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The Fate of the Union


Obama and Biden meeting with the governors this morning. (AP Photo/Charles Dharapak)

President Obama must achieve a number of outwardly contradictory goals in tomorrow night's address to a joint session of Congress -- essentially his first State of the Union speech.

He needs to explain how the extraordinary spending spree required to stimulate the economy and stem the foreclosure crisis is not actually in conflict with his intention to halve the deficit in four years. He has to be blunt about the severity of the current financial crisis, while at the same time expressing confidence in a strong recovery. He needs to play to the ultimate inside-the-Beltway audience in the room, while simultaneously speaking directly to a huge national audience that has grown skeptical of Washington's ways. And he needs to rebut the partisan attacks on his stimulus and mortgage plans, even as he calls for an end to tit-for-tat politics and urges members of both parties to work together.

All in a night's work for the Great Explainer? Perhaps.

Obama may have telegraphed some of his strategy this morning, when he addressed the nation's governors at the White House.

He described the extraordinary stimulus bill he signed last week as a plan "to put Americans to work doing the work America needs done" that will "make an immediate impact while laying the foundation for a lasting growth and prosperity."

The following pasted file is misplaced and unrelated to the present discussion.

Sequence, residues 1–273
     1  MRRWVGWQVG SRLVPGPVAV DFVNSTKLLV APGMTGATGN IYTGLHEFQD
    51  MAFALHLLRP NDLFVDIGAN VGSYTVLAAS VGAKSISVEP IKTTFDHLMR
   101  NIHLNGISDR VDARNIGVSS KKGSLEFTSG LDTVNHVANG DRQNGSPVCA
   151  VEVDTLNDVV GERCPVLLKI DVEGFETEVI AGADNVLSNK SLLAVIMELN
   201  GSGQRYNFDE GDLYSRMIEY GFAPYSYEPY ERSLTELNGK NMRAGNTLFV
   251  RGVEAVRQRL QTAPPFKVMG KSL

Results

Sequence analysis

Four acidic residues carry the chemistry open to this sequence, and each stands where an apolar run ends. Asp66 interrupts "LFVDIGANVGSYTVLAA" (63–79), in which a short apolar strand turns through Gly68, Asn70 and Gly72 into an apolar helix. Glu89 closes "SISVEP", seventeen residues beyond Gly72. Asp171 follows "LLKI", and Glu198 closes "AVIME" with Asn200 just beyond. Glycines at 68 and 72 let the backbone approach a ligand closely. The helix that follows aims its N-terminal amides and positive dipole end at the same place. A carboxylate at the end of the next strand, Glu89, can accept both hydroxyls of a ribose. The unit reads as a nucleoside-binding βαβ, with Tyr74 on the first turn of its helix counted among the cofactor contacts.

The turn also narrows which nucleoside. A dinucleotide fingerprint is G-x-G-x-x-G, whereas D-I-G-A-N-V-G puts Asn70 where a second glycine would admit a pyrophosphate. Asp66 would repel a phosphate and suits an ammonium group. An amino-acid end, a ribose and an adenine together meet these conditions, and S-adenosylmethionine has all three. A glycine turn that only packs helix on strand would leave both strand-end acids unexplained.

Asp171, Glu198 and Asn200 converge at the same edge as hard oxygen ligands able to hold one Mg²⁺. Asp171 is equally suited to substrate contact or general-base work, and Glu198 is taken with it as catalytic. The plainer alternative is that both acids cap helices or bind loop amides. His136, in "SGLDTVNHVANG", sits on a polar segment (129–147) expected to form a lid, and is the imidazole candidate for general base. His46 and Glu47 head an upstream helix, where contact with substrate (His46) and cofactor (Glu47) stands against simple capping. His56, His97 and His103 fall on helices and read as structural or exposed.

He vowed to end "business as usual" when it comes to federal spending, promising "to watch the taxpayers' money with more rigor and transparency than ever."

And while acknowledging "legitimate concerns" from Republicans about some small parts of the stimulus package, he lashed out once again at the level of political discourse in Washington -- and particularly on cable television.

"I just want us to not lose perspective of the fact that most of the things that have been the topic of argument over the last several days amount to a fraction of the overall stimulus package. This sometimes gets lost in the cable chatter," he said. "I just want to make sure that we're having an honest debate ..

"[I]f we agree on 90 percent of this stuff, and we're spending all our time on television arguing about 1, 2, 3 percent of the spending in this thing, and somehow it's being characterized in broad brush as wasteful spending, that starts sounding more like politics. And that's what right now we don't have time to do....

"What I don't want us to do, though, is to just get caught up in the same old stuff that inhibits us from acting effectively and in concert. There's going to be ample time for campaigns down the road."

And early this afternoon, kicking off a "Fiscal Responsibility Summit" at the White House, Obama talked about fiscal restraint. "As we take the steps that we must to get through the crisis we're in now, we will not lose sight of the long-term," he said. "I refuse to leave our children with a debt they cannot repay."

As for tomorrow night, Jeff Zeleny writes in the New York Times: "President Obama will use his first address to Congress on Tuesday to present a road map for 'how we get to a better day,' a senior adviser says, in a speech intended to explain his economic policies and argue that legislative revisions on health care, education and energy are crucial to lifting the economy.

"The appearance before a joint session of the Senate and the House offers an opportunity for Mr. Obama to reprise some themes and initiatives from his campaign that have been overshadowed by the economic emergency that has defined the first month of his presidency....